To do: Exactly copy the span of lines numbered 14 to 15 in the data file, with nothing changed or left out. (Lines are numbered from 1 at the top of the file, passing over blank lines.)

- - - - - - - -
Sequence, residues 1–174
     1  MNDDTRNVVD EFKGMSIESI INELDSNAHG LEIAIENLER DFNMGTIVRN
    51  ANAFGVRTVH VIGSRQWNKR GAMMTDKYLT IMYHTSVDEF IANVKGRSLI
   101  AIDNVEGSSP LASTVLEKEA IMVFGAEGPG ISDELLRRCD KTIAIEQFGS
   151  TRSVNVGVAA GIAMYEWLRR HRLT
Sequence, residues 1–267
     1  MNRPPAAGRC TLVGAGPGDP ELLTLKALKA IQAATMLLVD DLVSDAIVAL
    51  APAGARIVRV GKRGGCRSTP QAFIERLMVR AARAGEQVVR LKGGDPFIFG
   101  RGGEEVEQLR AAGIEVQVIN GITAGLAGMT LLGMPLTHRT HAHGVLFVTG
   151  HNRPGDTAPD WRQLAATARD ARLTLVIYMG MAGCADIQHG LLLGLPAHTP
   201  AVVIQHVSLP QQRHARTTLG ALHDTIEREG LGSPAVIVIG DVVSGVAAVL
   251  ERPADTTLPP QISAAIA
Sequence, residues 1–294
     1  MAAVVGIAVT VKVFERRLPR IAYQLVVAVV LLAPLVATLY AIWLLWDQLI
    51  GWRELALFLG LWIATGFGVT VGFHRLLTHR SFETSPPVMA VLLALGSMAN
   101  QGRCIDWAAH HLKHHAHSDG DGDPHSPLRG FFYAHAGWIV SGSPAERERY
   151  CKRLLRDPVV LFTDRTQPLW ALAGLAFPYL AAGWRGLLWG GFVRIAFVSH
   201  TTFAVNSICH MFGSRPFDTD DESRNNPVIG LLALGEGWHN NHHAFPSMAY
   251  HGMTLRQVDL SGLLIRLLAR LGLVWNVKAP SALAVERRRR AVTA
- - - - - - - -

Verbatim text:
     1  MAAVVGIAVT VKVFERRLPR IAYQLVVAVV LLAPLVATLY AIWLLWDQLI
    51  GWRELALFLG LWIATGFGVT VGFHRLLTHR SFETSPPVMA VLLALGSMAN